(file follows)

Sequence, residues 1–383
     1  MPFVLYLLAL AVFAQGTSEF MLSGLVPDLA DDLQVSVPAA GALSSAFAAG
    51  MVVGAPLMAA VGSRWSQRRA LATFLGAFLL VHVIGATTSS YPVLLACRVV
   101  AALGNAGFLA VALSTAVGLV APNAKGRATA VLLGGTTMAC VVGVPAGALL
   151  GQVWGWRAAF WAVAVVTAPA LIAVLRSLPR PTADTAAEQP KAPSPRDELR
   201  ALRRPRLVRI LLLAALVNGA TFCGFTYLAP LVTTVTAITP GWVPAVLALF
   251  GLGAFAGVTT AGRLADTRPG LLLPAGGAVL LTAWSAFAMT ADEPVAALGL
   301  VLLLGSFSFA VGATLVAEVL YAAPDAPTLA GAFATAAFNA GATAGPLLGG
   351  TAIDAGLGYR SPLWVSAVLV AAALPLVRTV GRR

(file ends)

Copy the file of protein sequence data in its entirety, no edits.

Sequence, residues 1–383
     1  MPFVLYLLAL AVFAQGTSEF MLSGLVPDLA DDLQVSVPAA GALSSAFAAG
    51  MVVGAPLMAA VGSRWSQRRA LATFLGAFLL VHVIGATTSS YPVLLACRVV
   101  AALGNAGFLA VALSTAVGLV APNAKGRATA VLLGGTTMAC VVGVPAGALL
   151  GQVWGWRAAF WAVAVVTAPA LIAVLRSLPR PTADTAAEQP KAPSPRDELR
   201  ALRRPRLVRI LLLAALVNGA TFCGFTYLAP LVTTVTAITP GWVPAVLALF
   251  GLGAFAGVTT AGRLADTRPG LLLPAGGAVL LTAWSAFAMT ADEPVAALGL
   301  VLLLGSFSFA VGATLVAEVL YAAPDAPTLA GAFATAAFNA GATAGPLLGG
   351  TAIDAGLGYR SPLWVSAVLV AAALPLVRTV GRR